Anybody putting the 100% in front of recyclable (or compostable) is therefore, in our view, failing to follow the Competition Bureau guidelines for using the words, and is leaving themselves open to prosecution for misleading advertising. They are compounding existing consumer confusion about what recyclable/compostable mean; or worse, deliberately indulging in what amounts to greenwash. Doesn’t labelling a product or material as 100% recyclable or 100% compostable just serve to dilute and undermine the whole access criteria on which the current use of the words is based? Are we wrong on this?
cc: Competition Bureau Canada
The good news is that the reported recovery rates for almost every single material category in Ontario’s Blue Box have improved over the last 13 years, some by as much as 20 percentage points. The bad news is that several categories have made very little progress and lag way behind the others, and that the real recovery rates are much lower than those reported.
Here is our Report Card by material group, based on the latest recovery numbers from Stewardship Ontario. Please note that this is not a judgement on the merits of individual materials but rather an assessment of how well they are being recovered in Ontario’s Blue Box system. There is clearly room for improvement.
Printed paper has been a consistent good performer, rising from 67% reported recovery back in 2003 to 82% today (2015). The recovery rate for old newspapers and old telephone books is in the 90s. Somewhat further back, and dragging the printed paper category down, is the recovery rate for printing and writing paper (Other Printed). This has ranged from 39% up to 59% and is currently at 55 per cent.
The reported recovery rate for clear and coloured glass is an impressive 80 per cent. Years ago, all we heard about was glass going to landfill or being used as road fill. Beyond talk of glass breaking in the collection process and contaminating loads of other materials, however, glass recovery is apparently in good shape. A lot of recovered glass these days goes into blast and filter media rather than higher end uses such as fibreglass and cullet which have more demanding quality requirements.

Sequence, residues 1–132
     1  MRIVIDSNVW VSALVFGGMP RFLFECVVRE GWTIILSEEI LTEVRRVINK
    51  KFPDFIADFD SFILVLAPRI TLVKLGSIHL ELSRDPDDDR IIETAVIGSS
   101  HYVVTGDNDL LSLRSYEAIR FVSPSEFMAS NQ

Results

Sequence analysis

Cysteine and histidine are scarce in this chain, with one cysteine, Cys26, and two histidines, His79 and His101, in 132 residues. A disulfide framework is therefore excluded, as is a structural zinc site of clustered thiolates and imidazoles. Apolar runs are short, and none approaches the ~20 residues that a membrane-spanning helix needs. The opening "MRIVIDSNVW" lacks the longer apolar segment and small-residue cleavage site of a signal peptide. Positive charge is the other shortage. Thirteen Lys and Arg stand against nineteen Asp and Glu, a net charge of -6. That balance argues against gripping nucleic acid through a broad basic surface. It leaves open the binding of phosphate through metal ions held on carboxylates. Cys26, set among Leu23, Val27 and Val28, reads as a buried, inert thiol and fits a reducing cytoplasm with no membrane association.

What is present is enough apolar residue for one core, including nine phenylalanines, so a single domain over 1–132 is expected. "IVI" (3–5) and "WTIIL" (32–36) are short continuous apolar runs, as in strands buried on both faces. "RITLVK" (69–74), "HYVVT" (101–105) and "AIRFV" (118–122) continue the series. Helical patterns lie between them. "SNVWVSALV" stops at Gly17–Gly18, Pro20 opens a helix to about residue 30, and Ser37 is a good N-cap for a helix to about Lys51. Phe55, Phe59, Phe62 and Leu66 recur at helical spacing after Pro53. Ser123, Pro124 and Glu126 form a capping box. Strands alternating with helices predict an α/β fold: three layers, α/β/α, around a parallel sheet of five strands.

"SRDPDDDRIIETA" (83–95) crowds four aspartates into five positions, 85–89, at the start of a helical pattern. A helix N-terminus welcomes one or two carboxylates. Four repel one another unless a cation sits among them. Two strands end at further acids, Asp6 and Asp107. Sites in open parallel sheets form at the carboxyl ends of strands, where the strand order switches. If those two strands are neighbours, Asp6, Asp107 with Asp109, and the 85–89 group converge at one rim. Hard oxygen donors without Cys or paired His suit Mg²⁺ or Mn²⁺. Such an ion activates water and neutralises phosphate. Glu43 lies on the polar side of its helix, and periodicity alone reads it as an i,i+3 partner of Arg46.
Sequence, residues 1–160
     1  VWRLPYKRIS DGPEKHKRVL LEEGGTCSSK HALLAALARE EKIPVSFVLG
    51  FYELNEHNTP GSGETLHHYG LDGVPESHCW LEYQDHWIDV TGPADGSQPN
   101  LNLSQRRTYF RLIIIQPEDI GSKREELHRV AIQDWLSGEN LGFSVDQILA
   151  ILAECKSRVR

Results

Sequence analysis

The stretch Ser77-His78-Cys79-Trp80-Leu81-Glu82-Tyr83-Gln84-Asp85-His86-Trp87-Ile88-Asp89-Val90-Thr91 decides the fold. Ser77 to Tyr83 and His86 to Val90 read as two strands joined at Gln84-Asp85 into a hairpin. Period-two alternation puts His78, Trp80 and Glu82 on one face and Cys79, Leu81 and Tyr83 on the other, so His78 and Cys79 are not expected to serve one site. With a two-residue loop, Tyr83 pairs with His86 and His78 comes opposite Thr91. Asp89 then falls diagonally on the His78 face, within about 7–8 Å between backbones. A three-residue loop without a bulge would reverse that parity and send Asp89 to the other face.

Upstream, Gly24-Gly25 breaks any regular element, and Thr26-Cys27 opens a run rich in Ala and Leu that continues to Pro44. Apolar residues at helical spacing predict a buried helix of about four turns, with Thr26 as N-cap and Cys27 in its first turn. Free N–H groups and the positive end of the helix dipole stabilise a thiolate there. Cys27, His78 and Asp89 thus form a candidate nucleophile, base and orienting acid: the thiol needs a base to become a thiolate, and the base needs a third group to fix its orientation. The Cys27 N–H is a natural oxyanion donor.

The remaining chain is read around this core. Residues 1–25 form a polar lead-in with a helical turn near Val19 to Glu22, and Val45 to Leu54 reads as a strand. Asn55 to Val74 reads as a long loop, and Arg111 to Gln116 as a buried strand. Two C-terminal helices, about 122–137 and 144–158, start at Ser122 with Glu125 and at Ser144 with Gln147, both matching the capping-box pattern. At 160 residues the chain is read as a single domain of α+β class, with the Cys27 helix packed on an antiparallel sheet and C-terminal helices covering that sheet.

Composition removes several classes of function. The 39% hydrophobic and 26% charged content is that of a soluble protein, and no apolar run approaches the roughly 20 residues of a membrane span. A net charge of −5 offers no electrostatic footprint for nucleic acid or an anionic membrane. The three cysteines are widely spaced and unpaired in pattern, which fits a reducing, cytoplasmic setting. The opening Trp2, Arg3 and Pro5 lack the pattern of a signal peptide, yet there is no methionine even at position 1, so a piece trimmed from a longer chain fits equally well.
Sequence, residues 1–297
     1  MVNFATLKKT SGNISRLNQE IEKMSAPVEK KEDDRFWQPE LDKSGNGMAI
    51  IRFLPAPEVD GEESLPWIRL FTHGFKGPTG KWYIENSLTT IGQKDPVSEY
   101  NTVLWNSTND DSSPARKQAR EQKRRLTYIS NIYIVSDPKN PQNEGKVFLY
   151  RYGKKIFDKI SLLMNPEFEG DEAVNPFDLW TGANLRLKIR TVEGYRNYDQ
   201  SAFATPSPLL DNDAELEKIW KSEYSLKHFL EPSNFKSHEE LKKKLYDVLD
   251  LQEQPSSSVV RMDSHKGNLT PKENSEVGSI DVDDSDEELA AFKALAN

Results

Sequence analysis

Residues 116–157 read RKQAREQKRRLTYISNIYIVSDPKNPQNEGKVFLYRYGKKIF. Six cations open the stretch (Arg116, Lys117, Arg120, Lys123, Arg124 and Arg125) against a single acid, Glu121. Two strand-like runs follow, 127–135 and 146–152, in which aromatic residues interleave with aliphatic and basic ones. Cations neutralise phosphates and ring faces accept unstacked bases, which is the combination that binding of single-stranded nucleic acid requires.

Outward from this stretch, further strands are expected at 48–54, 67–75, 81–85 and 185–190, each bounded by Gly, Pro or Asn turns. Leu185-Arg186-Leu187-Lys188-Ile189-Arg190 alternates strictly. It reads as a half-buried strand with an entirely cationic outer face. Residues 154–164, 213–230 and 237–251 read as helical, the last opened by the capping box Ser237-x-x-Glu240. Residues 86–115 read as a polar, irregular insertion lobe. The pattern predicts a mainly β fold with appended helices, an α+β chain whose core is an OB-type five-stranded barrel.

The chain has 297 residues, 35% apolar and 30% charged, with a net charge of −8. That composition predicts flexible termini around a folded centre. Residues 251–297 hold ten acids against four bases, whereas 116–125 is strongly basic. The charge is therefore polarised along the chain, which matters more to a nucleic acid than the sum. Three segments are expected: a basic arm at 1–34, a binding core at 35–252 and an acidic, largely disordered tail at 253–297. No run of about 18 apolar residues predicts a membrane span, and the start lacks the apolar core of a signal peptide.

Old corrugated containers (OCC) or boxes have the highest reported recovery rate of all Blue Box materials (98%). From there it’s a drop back to paper-based gable top cartons which have surged from a 10% to a 61% recovery rate; boxboard at 43%; followed by aseptic cartons (made of paper, plastic and aluminum), and laminants. The relatively low recovery rate for old boxboard is a concern. It reached as high as 65% recovery in 2008 but has dropped back to 43% since. Stewardship Ontario did target boxboard toothpaste cartons, toilet paper roll tubes, tissue boxes and other toiletry packaging in an advertising campaign in 2015.
The latest reported recovery rate for steel food and beverage cans is a respectable 71 per cent. Other steel packaging such as aerosols and paint cans drag the overall steel category down 10 per cent. In fact, paint cans are the only category in the Blue Box whose recovery rate has declined over the last 13 years.
The low reported recovery rate for aluminum food and beverage cans in Ontario (42%) has always been a bit of a puzzler and is frequently compared unfavourably with its far higher recovery rates in Canada’s many deposit provinces where recovery ranges between 61% and 97 per cent. One reason offered for the difference is that the recovery rate for cans in Ontario is only for those that end up in the home. It doesn’t include those used at public events, in offices, or factories. The aluminum stewards also reported residential sales some 13% lower in 2015 than what various waste audits used to provide a provincial total suggested was in the home. But even if you allow for this difference, the reported recovery rate only rises to 48 per cent. We doubt that Blue Box scavengers are grabbing the other 52 per cent.
The reported recovery rate for plastics packaging reached 32% in 2015. The highest rate was for PET bottles (66%) and the biggest increase over the years was turned in by the “Other Plastics” category with one-third now being reported as recovered. Apart from PET and HDPE bottles, however, the plastic recovery rates are poor.
The far uglier truth about all reported Ontario Blue Box recovery rates, however, is that they don’t tell the real story. They are basically “sent for recycling numbers,” in most cases, what was sent to an end-market from a material recycling facility or MRF. These reported “recovery” rates don’t deduct the various yield losses that occur in remanufacturing that curbside material back into new products, or the contamination that must be removed (and is normally landfilled) before remanufacturing can actually take place.